Last Saturday, hundreds of attendees gathered on the campus of Fisk University in Nashville to participate in Teach For America’s Southern Educational Equity Summit, an all-day conversation about promoting reform across the South. The setting befit the occasion, as many of the most prominent leaders of the Nashville and national civil rights movements began their activism as Fisk students in the 1950s and 60s. Although the country continues to benefit from the nonviolent struggles led by Diane Nash, John Lewis, and many others, students across the South continue to lag behind many of their peers in other regions on measures of achievement and college readiness.

Following a welcome message in which Nashville Mayor Karl Dean articulated the strong connections between public education, public safety, and economic development, Shani Jackson-Dowell, executive director of the Greater Nashville Teach For America corps, led a panel discussion oriented around the question of what it will take to build momentum for expanding educational opportunity in the mid-South. I took two key takeaways from that conversation:

  • Keith Look, principal of The Academy @ Shawnee in Louisville, KY, encouraged the audience by stating, “Good news is not a reason not to act; it compels action.” Although there is lots of good news on education in Tennessee, we are compelled to act by implementing reforms in effective ways that lead to improved student outcomes.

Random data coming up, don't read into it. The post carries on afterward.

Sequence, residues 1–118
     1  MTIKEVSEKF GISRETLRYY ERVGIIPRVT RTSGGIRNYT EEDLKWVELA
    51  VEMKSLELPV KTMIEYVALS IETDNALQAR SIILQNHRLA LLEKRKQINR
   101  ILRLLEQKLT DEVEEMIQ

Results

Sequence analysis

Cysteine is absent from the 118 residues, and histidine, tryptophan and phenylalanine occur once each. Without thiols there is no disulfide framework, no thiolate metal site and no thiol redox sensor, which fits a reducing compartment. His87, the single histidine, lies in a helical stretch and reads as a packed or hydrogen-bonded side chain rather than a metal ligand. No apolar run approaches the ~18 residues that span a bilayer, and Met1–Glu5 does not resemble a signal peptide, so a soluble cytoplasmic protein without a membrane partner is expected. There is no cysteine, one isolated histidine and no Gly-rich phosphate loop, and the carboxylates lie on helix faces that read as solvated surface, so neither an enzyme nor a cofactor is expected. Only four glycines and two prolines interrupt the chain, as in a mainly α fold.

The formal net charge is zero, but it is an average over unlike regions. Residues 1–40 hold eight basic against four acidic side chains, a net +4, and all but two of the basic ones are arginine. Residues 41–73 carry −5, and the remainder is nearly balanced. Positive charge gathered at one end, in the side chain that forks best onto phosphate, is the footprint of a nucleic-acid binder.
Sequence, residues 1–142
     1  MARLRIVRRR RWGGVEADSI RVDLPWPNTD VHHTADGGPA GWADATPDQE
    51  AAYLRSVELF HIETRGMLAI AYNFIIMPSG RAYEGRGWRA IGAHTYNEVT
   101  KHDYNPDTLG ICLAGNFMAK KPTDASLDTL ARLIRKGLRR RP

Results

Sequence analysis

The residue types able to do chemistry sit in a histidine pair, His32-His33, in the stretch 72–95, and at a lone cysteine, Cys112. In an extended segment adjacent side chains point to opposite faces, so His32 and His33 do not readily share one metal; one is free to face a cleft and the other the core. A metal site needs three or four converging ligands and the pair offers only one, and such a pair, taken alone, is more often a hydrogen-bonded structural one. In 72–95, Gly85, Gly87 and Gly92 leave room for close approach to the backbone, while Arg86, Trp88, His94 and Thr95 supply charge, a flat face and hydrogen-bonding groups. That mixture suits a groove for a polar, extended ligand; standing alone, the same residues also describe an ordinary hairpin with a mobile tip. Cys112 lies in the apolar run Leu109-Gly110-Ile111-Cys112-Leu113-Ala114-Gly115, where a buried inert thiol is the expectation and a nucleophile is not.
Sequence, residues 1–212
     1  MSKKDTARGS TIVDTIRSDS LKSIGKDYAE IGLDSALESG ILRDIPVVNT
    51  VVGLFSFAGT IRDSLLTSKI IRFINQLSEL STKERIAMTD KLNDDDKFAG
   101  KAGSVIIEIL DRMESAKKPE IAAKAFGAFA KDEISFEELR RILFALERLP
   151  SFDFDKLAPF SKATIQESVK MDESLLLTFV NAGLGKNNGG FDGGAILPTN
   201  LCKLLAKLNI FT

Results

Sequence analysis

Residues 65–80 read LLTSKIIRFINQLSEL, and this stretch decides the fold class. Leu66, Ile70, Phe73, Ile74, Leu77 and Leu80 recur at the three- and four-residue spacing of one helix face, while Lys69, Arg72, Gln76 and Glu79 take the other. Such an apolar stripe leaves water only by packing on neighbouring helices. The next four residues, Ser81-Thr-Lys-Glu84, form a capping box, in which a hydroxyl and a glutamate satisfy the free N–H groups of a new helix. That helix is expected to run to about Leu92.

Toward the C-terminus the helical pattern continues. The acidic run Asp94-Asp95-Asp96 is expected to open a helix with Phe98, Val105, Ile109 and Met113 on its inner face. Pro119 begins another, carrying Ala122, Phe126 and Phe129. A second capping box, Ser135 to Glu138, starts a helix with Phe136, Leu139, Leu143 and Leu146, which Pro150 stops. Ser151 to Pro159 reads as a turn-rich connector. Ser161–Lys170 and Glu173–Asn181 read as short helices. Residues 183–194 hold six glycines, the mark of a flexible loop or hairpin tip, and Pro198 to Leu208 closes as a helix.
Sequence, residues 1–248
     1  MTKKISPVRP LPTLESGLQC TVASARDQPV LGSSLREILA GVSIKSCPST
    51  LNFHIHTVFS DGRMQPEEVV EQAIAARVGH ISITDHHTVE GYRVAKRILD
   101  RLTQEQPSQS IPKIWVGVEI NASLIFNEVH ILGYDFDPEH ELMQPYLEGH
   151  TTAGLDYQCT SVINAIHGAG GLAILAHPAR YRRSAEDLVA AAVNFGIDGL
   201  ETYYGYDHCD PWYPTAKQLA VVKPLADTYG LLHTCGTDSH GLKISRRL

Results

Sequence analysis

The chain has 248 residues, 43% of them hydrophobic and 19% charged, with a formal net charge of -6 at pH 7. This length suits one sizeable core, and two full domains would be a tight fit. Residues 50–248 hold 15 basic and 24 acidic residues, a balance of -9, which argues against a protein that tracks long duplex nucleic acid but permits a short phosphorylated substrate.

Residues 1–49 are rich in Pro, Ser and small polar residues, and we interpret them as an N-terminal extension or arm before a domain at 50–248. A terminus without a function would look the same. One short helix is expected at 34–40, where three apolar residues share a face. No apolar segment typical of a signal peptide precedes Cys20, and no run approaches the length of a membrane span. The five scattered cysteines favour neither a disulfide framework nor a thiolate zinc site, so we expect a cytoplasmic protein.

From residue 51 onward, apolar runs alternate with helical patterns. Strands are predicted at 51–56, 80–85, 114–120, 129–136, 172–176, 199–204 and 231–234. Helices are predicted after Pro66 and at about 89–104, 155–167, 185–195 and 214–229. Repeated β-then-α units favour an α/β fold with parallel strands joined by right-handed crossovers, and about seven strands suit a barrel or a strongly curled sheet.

• Tennessee students suffer a tremendous educational aspiration gap. On an ACT survey, 85 percent of test-takers last year indicated they intended to pursue postsecondary education. Among those test-takers, however, only 15 percent demonstrated readiness for college-level work in all subject areas. We must do a better job preparing the state’s young people for college.

Later in the morning, a panel discussion adroitly moderated by my colleague, David Mansouri, addressed Policymaking and Advocating for Transformational Change in the Southeast. Much of the conversation surrounded issues of teacher quality and support: How do we ensure teachers are adequately prepared and receive high quality professional learning opportunities to meet the many needs of their students in the twenty-first century? Francie Hunt, founder of the Tennessee chapter of Stand for Children, encouraged the audience to remain active advocates for school improvement, either through teaching, public service, or elected office. Emily Shultz, education policy advisor to Alabama Governor Robert Bentley, lauded recent reform efforts in Tennessee and discussed Alabama’s growing interest in a broader reform movement of its own.

Over boxed lunches, a group of current and former Teach For America corps members discussed strategies for engaging business and community partners in supporting public education. Former corps members now in the private sector encouraged teachers to address specific requests to potential business partners and to articulate clear connections between the interests of businesses (including improved workforce skills) and school quality.

Ultimately, the summit demonstrated the complexity of education reform, both in the South and nationally. Solutions to the longstanding southern ailments of poor educational attainment must be as varied as the problems are complex. Improving teacher quality and support, engaging business and community partners, learning from the best practices of charter schools and alternative certification programs, and maintaining commitment to reform-oriented policy goals must all be part of Tennessee’s leadership as we strive to be the fastest improving state for public education. This work presents another opportunity for Tennesseans to make an important contribution to the history of the South’s progress toward a more equitable society for all.